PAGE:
And all those passwords published yesterday. A well-meaning security expert assembled 10 million previously leaked passwords and released them out into the world. That password dump was probably unrelated to the social media hacks, however. When I asked security expert Per Thorsheim whether there was any possibility of a correlation between the dump and this morning's hacks, he replied: "Close to none. Those attacks have historically been done using phishing attacks as far as I know."
So those social media accounts got owned when somebody clicked on a link they shouldn't have, or put in their passwords into the wrong form. Just like that, they gave away the keys to their social media castle.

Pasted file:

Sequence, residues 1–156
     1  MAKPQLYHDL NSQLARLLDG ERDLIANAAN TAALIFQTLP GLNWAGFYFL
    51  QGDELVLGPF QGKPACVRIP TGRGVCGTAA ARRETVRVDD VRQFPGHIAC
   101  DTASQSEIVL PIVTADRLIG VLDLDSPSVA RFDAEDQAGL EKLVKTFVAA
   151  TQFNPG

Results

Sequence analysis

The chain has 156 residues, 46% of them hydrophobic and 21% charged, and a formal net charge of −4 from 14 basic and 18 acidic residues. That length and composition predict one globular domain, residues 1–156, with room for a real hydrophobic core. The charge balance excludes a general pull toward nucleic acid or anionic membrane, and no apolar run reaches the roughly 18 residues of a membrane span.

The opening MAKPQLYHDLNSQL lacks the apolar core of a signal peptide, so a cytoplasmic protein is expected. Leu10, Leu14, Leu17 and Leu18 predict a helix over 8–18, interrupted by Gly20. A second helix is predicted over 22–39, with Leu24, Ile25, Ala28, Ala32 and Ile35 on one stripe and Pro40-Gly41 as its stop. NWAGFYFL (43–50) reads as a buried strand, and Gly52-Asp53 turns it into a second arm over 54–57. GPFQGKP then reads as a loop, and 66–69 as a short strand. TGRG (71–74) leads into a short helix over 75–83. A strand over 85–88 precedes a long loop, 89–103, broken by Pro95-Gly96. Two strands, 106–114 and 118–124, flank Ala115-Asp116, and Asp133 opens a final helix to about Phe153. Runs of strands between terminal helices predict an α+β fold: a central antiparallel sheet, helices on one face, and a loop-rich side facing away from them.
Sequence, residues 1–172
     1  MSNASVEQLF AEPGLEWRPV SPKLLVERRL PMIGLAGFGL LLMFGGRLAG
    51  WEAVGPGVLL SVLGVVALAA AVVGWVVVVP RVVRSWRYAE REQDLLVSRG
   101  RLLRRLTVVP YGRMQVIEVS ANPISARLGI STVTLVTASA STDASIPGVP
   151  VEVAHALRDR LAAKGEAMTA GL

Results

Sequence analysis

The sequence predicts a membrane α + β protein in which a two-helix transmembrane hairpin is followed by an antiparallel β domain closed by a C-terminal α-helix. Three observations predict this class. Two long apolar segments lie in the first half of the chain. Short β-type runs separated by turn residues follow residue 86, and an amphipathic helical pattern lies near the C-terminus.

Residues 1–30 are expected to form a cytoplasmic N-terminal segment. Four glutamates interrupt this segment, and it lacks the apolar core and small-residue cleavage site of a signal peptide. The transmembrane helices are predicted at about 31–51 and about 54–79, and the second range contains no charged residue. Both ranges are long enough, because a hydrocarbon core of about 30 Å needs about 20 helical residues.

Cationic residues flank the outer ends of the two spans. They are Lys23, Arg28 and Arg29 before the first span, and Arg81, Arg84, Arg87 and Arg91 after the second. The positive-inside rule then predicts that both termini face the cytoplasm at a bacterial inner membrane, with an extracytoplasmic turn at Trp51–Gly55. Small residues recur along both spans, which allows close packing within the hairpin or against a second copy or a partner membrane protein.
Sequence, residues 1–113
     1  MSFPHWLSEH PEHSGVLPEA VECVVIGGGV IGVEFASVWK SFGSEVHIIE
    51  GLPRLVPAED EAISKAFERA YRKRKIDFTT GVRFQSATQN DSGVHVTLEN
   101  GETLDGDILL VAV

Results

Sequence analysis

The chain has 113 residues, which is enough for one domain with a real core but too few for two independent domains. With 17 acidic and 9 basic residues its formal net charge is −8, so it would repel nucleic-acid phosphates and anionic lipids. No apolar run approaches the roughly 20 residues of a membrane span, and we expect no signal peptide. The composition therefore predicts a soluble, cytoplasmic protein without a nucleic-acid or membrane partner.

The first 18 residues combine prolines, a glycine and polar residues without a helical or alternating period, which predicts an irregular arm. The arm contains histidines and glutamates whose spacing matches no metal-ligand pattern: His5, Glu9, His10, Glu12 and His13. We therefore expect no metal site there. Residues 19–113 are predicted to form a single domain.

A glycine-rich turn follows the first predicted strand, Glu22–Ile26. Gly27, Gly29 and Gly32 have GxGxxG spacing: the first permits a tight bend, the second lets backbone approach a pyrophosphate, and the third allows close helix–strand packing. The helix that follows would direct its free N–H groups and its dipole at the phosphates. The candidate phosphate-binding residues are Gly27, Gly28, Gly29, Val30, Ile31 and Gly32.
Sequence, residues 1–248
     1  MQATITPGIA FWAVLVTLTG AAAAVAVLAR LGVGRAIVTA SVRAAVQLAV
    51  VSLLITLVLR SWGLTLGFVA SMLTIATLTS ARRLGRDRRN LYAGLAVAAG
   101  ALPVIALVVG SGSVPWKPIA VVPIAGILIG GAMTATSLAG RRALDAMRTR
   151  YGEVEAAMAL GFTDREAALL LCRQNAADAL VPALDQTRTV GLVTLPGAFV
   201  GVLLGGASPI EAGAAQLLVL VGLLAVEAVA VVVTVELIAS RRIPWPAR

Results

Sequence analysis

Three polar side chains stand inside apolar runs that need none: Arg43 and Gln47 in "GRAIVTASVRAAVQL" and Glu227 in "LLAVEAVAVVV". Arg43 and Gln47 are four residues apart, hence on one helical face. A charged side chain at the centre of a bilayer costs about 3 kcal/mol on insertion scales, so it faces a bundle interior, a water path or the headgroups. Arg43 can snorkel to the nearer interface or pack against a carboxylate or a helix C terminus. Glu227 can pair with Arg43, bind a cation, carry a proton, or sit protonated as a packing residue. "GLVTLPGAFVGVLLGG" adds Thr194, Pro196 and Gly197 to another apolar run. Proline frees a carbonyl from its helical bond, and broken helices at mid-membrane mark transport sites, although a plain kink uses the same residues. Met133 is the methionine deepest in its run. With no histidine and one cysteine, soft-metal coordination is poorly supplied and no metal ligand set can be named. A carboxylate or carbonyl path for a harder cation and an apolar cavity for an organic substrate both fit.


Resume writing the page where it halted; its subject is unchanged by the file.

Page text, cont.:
But! There are ways to protect yourself! You can protect yourself from some attacks if you simply use two-factor authentication on your accounts. Most prominent online services, including Twitter and Facebook, offer two-factor authentication, which makes it very hard for people to use password dumps to get into your accounts. That's because two-factor auth requires both a password and a key generated by an app on your phone. It's hard for adversaries to get both.
Take all of these hacks as a good reminder to get two-factor authentication, and change your password. Change it regularly! It's just good data hygiene.